Home Cooking Recipes
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Quick & Easy
By Beverly Barbour

Start packing

Packing lunches for school is one thing; packing for picnics is more fun. Think sunshine and green grass and then go out to play with your lunch packed for a big gathering of friends or for a party of one, you.

Hints and tips for picnic packers

1. Frozen drinks: Use drinks as ice packs. Freeze a juice box and use it as an ice pack in the morning. Put it in a plastic bag in the center of the chilled food. By picnic time it will have defrosted and be ready to drink.

2. Transporting food safely: Food stored without an ice pack or something to keep it cold shouldn't be out of the refrigerator for more than two hours. Even with something to keep food cold, the maximum is four hours and foods shouldn't register above 40 F.

3. Salads: Quinoa, rice, pasta, bulgur wheat, etc., when packaged in plastic bags takes less room in the carrier than when packed in hard plastic containers.

4. Saving space: When possible cut fruits or vegetables into chunks and cut sandwiches into wedges or strips.

5. Leafy greens: You can enjoy a leafy green salad providing you don't add the salad dressing until you are ready to eat. Package greens in a plastic bag together with a paper towel. Transport the dressing in a small container (empty spice bottles are good for this).

6. Cookies: It is no secret that cookies are probably the easiest healthy sweet to bring for celebrating the end of a meal. They can even be gastronomically correct--oatmeal or peanut butter qualify. Bar cookies transport best of all.

7. Avocado: Believe it or not avocados are perfect picnic fare. Just halve an avocado and then remove the see by whacking it firmly with a sharp knife and then twisting to remove the seed (which can later be planted). Bring it to the picnic with the pit inside to prevent browning. Kids like scooping the avocado out with a spoon and eating it with salt or lemon juice. I like to spread it on bread instead of butter (which melts something that avocados can't do) or slicing it into a green salad where it becomes coated with a dressing. Avocados are great with any salad, even fruit. Lemon, lime and/or salt are musts when enjoying avocados.

Nice easy things to do for transortable lunches

A. Warm Arabic Fat Bread: Make it pliable by warming and then topping with goat cheese or feta, a few spears of cucumber, a whole green onion and if possible with sprigs of fresh dill, tarragon or mint. Roll or fold it up for an easy to hold and delicious sandwich.

B. Leftover Pizza: Top with a big handful of salad and then roll it up for transportation or you can assemble the pizzawich at eating time. No leftover pizza? Buy oven-ready for dinner and use the leftovers for the next day's picnic.

C. Humus: Add diced cucumber. Top with fresh mint or cilantro, or both if they are available.

D. Stuffed eggs: Must-haves on every picnic. You can mix the yolks with mayonnaise, diced pickles, a bit of sugar, mustard and anything else that comes to hand. When you reach the eating spot, fill the empty whites with the yolk mixture. It is so hard to make deviled eggs ahead and transport them over hill and dale without their becoming an edible but not beautiful mix. Or, stuff them at home and put two stuffed halves together to make a well-stuffed, and easily transported whole egg.

E. Rice salad: Make a little extra rice as your starch with dinner the night before. Dress up the leftovers with a bit of vinaigrette, a splash of wine vinegar (or Chinese rice wine vinegar) a dab of mustard and your choice of such things as: garlic, onion, peppers, parsley, olives, capers, anchovies, etc. Bring it dressed so the rice has a chance to absorb the flavors.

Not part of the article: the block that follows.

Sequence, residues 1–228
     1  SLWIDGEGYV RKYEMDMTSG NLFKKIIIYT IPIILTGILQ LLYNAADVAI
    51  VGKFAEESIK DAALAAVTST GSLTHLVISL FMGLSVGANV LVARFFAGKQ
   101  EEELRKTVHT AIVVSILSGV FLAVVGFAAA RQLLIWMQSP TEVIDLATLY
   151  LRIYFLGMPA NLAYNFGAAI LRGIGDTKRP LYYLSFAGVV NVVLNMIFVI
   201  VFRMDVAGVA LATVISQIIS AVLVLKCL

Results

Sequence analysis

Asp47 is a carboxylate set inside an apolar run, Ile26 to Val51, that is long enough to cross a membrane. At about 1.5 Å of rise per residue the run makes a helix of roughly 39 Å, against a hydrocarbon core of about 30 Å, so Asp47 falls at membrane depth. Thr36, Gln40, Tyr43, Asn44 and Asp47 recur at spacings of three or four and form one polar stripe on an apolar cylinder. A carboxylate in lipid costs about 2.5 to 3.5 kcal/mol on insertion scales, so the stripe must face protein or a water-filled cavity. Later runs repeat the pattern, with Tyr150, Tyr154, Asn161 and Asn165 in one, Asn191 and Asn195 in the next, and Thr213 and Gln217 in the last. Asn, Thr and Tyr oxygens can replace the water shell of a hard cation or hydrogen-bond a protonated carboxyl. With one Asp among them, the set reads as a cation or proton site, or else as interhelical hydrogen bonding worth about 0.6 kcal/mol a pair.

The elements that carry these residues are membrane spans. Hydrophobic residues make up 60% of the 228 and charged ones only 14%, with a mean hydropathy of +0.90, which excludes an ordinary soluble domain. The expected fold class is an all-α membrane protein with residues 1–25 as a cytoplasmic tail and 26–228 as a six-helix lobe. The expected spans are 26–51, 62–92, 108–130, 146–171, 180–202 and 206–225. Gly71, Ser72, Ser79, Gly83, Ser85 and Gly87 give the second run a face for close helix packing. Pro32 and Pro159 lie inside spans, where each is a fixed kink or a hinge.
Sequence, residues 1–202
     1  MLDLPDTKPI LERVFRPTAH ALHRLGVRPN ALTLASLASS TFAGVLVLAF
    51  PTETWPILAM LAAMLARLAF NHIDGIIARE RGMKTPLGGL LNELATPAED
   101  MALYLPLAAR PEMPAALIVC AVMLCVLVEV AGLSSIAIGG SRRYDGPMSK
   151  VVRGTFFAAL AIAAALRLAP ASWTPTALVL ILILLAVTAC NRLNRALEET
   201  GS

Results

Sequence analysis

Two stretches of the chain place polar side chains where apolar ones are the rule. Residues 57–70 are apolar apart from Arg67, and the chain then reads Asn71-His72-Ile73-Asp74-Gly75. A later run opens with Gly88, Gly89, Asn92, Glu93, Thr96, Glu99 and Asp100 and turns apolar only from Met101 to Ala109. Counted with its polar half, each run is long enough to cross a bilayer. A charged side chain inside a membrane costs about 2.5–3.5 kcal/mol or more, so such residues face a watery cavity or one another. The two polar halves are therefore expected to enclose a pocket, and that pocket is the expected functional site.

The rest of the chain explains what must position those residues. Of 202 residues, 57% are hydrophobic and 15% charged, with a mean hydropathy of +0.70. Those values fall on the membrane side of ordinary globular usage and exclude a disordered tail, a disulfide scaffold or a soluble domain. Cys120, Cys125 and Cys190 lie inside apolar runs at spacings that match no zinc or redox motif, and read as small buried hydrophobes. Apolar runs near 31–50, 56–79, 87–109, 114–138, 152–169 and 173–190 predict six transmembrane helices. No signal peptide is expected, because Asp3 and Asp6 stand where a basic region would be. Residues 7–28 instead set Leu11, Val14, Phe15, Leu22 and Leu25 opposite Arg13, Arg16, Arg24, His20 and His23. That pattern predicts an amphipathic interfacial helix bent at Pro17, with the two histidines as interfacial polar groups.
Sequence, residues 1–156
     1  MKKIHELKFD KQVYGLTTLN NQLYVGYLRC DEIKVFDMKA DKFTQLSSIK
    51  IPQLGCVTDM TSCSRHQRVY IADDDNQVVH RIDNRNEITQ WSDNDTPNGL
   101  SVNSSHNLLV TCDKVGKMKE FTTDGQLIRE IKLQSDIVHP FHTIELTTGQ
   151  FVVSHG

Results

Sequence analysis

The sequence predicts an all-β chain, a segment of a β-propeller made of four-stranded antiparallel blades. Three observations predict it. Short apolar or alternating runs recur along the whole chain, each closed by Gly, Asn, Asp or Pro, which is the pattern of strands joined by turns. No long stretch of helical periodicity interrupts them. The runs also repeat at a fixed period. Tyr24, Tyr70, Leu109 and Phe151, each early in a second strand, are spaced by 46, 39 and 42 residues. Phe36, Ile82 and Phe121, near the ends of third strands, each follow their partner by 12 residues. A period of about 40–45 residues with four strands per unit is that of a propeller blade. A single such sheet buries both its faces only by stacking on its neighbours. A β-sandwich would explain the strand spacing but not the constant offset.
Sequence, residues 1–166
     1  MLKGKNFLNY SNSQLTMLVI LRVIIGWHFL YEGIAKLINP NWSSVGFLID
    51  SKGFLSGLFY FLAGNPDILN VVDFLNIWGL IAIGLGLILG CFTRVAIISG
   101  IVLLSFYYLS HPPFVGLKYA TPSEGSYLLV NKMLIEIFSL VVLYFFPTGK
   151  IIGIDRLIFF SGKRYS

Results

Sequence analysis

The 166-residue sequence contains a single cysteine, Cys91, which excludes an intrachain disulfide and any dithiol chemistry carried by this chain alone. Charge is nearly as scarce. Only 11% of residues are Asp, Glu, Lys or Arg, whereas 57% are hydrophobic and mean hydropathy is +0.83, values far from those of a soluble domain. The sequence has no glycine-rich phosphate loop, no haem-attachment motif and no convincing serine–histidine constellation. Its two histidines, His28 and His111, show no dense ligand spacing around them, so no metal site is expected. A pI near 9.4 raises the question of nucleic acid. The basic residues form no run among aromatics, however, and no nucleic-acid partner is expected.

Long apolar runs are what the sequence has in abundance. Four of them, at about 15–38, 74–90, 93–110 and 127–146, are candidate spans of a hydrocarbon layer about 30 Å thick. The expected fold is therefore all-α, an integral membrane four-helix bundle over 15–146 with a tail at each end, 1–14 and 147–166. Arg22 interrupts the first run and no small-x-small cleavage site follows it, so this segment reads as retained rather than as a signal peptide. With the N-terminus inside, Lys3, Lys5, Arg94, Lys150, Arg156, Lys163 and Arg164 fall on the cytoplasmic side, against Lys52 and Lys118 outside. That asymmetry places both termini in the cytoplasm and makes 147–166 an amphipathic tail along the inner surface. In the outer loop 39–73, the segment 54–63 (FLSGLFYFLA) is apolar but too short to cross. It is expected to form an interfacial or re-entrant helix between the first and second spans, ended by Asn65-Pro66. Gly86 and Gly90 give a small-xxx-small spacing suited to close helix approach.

F. Ripe fruit with candied nuts: Choose the ripest, most ready, soft fruit that you can find. Lightly candy a handful of raw pine nuts, peanuts or other nuts by heating in a non-stick frying pan over medium-low heat. Then sprinkle in a tablespoon or more of sugar, tossing and turning as you go until the sugar melts and coats the nuts. Cool and pack in a separate bag to enjoy with fruit for dessert or toss with a salad.

G. Breadsticks: Make your own using frozen puff-pastry or buy it frozen. Spread with goat cheese and then wrap each with slices of prosciutto.

Chilled Artichoke with Homemade Tartar Sauce

Half of a large artichoke per person is a great addition to a picnic and the Tartar Sauce is also wonderful with cold chicken, fish, and even tiny boiled potatoes. This can all be done a day ahead. Makes 4 servings.

2 large artichokes

Tartar Sauce:

1/4 cup mayonnaise
1/2 teaspoon extra virgin olive oil
1/4 teaspoon lemon juice
1 scallion, thinly sliced
1 teaspoon chopped fresh tarragon or 1/4 teaspoon dried
1 teaspoon chopped parsley
1 teaspoon drained capers
1/4 teaspoon Dijon mustard or less
Cayenne pepper

Artichoke: Trim the sharp ends from artichoke leaves. Boil or steam until a fork pierces base of artichoke easily and leaves can be easily removed. Turn upside down to drain and cool. Cut each in half and scrape out the hairy choke. Wrap and store in refrigerator.

Tartar Sauce: Slowly whip olive oil into mayonnaise until well combined, and then add the lemon juice. Stir in remaining ingredients. Cover and chill until ready to serve.

French Salad Sandwiches

A round roll is sliced in half and filled with the basic ingredients for salade Nicoise.

Extra virgin olive oil
White or red wine, optional
Small garlic clove, finely chopped
Fresh basil or herbes de Provence
Thick tomato slices
Red and green pepper, slices
Sweet onion, thin slices
Hard-cooked egg, slices
Tuna fish or anchovies

Open roll and sprinkle both sides with first 5 ingredients. Layer slices of remaining ingredients on bottom of roll, cover with roll top, pressing together well.

Wrap and eat in several hours when juices have permeated the sandwich.

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